July 18, 2010

XVIII International AIDS Conference

The International AIDS Conference is the premier gathering for those working in the field of HIV, as well as policy makers, persons living with HIV and other individuals committed to ending the pandemic. It is a chance to assess where we are, evaluate recent scientific developments and lessons learnt, and collectively chart a course forward. The 18th International AIDS conference theme is Rights Here, Right Now, emphasizing the central importance of protecting and promoting human rights as a prerequisite to a successful response to HIV.

About 25,000 researchers, policymakers, and activists are attending the six-day biennial International AIDS Conference, which begins on July 18 in Vienna. Speakers include former US president Bill Clinton and Microsoft founder and philanthropist Bill Gates.

The conference will focus in part on G8 countries' commitments to sustain the Global Fund to Fight AIDS, Tuberculosis, and Malaria. IAC is also expected to draw attention to human rights abuses in countries with laws that target and stigmatize persons living with HIV, as well as the dire situation in some parts of Eastern Europe and Central Asia, where the spread of HIV has been particularly rapid.

Saturday, before the conference was set to open, celebrities gathered for Vienna's annual AIDS dinner and Life Ball. Clinton was present, along with Hollywood actress Whoopi Goldberg, singer Patti Labelle and German tennis legend Boris Becker.

The AIDS 2010 programme will present new scientific knowledge and offer many opportunities for structured dialogue on the major issues facing the global response to HIV. A variety of session types – from abstract-driven presentations to symposia, bridging sessions and plenaries – will meet the needs of various participants. Other related activities, including the Global Village, satellite meetings, exhibitions and affiliated events, will contribute to an exceptional opportunity for professional development and networking. Following the success of the pilot programme at AIDS 2008, the 18th International AIDS Conference will provide or facilitate hubs (centres) where selected sessions of the conference will be screened, to increase the access to the conference programme.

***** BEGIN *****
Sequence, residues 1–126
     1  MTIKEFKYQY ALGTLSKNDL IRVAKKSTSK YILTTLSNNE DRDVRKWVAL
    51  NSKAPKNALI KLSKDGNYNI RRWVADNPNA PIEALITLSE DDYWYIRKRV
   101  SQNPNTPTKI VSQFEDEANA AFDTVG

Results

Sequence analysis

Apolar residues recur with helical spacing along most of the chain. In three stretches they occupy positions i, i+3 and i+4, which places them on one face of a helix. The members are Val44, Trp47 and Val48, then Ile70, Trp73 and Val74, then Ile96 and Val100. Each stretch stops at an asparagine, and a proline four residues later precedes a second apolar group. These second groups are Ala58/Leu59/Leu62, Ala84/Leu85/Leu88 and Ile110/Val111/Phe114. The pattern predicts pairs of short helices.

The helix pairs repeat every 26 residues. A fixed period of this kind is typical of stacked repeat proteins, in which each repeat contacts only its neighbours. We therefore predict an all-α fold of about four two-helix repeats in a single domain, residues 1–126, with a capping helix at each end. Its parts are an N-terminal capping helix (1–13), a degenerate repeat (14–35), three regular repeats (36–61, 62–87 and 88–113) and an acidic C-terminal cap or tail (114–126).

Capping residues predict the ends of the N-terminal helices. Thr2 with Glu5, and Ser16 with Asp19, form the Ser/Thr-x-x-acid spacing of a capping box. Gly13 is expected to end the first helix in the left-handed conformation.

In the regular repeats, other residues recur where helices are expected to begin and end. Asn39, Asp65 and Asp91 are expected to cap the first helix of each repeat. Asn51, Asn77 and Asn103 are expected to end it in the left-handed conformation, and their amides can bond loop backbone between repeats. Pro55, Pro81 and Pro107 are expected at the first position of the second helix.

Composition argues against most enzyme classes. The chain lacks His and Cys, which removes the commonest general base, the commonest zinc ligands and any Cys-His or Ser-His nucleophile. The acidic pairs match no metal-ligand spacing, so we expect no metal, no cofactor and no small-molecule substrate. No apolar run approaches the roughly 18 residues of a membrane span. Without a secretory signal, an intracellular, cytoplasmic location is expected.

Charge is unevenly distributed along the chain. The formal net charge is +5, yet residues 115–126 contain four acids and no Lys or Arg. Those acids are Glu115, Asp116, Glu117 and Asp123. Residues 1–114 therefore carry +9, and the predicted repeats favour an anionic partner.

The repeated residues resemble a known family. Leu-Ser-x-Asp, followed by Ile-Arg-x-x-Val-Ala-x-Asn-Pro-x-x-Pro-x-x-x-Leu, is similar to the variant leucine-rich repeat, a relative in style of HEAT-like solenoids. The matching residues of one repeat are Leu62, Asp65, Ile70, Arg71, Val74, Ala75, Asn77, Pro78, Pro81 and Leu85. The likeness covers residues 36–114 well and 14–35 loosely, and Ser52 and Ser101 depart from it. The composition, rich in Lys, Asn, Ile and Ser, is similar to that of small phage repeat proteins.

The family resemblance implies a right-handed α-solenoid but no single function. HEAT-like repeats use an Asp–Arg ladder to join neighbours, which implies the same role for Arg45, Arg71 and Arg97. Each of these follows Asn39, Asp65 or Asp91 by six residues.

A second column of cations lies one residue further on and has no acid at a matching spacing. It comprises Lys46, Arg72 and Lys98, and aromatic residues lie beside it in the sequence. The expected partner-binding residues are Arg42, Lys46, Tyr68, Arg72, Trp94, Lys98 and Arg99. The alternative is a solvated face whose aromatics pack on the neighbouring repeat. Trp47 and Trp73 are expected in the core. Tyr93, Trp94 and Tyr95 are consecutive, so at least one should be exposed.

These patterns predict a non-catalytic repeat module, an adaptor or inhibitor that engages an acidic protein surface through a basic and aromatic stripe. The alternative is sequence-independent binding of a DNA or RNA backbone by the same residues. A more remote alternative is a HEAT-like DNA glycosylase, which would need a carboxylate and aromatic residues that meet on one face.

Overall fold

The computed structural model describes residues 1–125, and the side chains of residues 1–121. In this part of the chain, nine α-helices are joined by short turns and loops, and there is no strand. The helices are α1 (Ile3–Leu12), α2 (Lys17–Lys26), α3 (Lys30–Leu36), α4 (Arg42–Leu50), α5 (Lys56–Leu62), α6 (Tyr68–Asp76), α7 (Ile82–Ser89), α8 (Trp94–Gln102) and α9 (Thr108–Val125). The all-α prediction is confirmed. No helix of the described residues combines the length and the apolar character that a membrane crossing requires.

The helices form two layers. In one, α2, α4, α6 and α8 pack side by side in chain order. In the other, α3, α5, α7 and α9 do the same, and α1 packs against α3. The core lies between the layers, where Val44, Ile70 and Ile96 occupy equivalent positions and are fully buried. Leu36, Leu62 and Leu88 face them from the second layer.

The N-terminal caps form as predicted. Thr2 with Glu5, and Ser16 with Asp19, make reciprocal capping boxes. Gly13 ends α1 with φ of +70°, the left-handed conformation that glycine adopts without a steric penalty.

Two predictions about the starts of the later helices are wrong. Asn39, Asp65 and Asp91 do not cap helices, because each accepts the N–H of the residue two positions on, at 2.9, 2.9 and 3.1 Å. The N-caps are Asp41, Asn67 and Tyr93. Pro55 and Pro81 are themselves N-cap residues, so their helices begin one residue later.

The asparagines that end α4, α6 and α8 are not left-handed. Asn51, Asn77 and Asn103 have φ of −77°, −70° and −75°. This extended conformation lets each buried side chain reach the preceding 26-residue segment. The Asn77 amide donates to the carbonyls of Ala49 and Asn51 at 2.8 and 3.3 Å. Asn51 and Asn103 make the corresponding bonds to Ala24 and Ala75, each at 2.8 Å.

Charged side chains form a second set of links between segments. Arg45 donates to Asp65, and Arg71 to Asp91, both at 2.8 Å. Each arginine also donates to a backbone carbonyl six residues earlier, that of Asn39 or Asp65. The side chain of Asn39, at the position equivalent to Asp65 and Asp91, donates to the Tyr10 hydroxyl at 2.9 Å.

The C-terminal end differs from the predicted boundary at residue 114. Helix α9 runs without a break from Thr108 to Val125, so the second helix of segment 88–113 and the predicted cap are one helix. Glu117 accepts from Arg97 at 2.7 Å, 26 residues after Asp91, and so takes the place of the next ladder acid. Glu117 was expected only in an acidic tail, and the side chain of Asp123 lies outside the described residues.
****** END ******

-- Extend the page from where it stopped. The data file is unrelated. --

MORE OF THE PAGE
UN Millennium Development Goals set 2010 as the target for universal treatment for HIV/AIDS by everyone who needs it, but that deadline has not been met.

Some 4.7 million people in the world received HIV treatment at the end of 2008, only 42 per cent of those who needed it, according to UNAIDS.

Worldwide, there were some 33.4 million people living with HIV in 2008. Sub-Saharan Africa, home to 67 per cent of all people with the AIDS virus, is the most affected region.

In Europe, Ukraine has the highest rate of HIV infection, at 1.6 per cent.

Activists say that governments are backtracking from funding for the treatment, both domestically and internationally.

"It seems that the political leadership is losing interest," said Julio Montaner, president of the International AIDS Society (IAS), the conference organizer.

Michel Sidibe, the head of the Joint United Nations Programme on HIV/AIDS (UNAIDS), said universal access was "a fight for human justice."

He urged a "prevention revolution" that would lead to development of a single pill for treatment of people infected with HIV, the virus that causes AIDS.

MSF@IAC2010 informs that after a decade of important progress on AIDS treatment in developing countries, donors are walking away from AIDS when 10 million people are still waiting for treatment.

MSF is speaking out to urge donors to reaffirm their promises now and provide timely treatment to all in need.

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